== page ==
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Daniel L. Haynes,
Nina Mae McKinney,
New York, 1980: airplanes have replaced cars, numbers have replaced names, pills have replaced food, government-arranged marriages have replaced love, and test tube babies have replaced ... well, you get the idea. Scientists revive a man struck by lightning in 1930; he is rechristened "Single O". He is befriended by J-21, who can't marry the girl of his dreams because he isn't "distinguished" enough -- until he is chosen for a 4-month expedition to Mars by a renegade scientist. The Mars J-21, his friend, and stowaway Single O visit is full of scantily clad women doing Busby Berkeley-style dance numbers and worshiping a fat middle-aged man. Written by
Jon Reeves <firstname.lastname@example.org>
Boys, I vouldn't know de old town! Vere is all de automobiles?
Oh, they're in the upper level.
Hardly anyone drives a car now. They all use planes.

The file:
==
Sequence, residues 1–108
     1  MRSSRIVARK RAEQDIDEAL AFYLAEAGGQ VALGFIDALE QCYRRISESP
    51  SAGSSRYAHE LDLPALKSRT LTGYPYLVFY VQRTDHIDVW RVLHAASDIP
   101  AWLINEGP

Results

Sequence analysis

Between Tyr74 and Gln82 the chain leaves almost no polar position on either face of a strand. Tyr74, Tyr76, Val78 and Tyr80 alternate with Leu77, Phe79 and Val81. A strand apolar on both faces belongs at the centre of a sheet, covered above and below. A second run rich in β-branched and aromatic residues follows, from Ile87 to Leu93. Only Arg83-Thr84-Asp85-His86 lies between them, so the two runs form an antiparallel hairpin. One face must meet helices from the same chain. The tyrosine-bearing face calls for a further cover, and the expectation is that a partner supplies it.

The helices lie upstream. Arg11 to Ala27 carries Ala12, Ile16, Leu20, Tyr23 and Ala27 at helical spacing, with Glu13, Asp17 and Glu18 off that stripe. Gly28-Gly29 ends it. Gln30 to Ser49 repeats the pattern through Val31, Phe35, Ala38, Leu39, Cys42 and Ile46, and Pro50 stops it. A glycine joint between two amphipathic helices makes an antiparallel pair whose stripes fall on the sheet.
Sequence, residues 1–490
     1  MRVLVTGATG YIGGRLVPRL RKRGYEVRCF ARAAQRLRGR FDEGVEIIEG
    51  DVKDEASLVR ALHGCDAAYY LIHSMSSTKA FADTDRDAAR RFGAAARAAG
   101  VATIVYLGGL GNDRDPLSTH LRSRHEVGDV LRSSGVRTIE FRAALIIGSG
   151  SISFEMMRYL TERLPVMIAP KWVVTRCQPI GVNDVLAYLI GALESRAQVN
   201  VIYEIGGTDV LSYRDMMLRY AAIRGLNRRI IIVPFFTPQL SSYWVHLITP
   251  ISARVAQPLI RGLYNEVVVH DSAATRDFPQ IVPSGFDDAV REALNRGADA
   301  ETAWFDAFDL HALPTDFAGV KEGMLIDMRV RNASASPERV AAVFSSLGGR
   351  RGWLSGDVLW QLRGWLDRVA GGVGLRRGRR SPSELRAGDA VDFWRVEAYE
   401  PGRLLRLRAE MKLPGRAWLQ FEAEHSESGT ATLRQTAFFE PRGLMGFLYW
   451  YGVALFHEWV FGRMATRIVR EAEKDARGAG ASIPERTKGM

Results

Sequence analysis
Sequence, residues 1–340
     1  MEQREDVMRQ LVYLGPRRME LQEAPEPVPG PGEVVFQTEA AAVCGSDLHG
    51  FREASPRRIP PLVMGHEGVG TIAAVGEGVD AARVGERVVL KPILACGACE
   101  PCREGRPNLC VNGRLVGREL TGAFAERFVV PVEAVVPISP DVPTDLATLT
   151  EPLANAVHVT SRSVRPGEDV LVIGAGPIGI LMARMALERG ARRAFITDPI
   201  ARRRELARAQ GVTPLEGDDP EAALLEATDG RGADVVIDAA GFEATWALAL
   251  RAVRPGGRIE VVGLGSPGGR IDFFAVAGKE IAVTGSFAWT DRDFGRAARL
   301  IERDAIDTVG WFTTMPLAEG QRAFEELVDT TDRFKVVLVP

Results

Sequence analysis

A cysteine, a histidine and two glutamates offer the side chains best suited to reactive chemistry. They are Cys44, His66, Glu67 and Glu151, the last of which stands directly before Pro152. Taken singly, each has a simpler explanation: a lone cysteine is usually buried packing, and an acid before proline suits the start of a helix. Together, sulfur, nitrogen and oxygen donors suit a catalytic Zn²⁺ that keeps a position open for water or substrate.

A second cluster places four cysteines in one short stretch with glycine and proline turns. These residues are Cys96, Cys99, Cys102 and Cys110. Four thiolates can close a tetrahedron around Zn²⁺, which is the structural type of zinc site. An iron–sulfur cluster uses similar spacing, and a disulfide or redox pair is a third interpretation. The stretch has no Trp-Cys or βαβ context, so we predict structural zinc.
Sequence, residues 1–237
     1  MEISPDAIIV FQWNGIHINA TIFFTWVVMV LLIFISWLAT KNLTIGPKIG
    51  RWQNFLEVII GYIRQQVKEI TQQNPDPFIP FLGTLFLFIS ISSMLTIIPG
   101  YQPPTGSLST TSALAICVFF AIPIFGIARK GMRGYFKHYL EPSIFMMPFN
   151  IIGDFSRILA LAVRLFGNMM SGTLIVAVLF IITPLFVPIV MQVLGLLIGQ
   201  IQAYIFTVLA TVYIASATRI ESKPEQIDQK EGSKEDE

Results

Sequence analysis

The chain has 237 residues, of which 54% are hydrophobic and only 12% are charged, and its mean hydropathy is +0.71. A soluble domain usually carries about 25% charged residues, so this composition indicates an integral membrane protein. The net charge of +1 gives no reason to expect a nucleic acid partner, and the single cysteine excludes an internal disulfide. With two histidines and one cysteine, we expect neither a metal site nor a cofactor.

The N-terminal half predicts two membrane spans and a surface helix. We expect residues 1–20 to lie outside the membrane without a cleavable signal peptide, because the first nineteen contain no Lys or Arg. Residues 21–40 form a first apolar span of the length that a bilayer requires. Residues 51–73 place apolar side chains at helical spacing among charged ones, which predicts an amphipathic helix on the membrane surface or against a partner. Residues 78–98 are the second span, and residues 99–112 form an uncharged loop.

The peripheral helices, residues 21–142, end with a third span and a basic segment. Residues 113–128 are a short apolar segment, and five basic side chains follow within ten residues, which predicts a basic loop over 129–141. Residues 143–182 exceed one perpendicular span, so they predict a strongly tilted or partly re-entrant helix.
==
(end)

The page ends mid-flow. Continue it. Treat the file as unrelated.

Is dat so?
Yeah, I drive a Rosenblatt. J flies a Pinkus for his personal use, but all the airliners are Goldfarbs.
It looks like someone got even with Henry Ford!
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One of the weirdest movies of the 1930s, this sci-fi musical is set in 1980 and includes a trip to Mars as well as moderne sets, clothing, and vehicles. This film is an explosion of creaky production numbers and vaudeville set pieces (starring the famous fake Swede of the era--El Brendel). Along for the ride are Maureen O'Sullivan (she sings!), Frank Albertson, and John Garrick. The real gem here, however, is the wonderful Marjorie White, a pudgy dynamo who reminds me of Bette Midler. Tragically, White was killed in a car crash in 1934. Brendel is funny, White is a whirlwind of talent, O'Sullivan is lovely, BUT this whole does not equal its parts. Best line in the film is when Brendel spies the Queen of Mars but then points to her mincing minion and states, "She's not the queen ... HE is."
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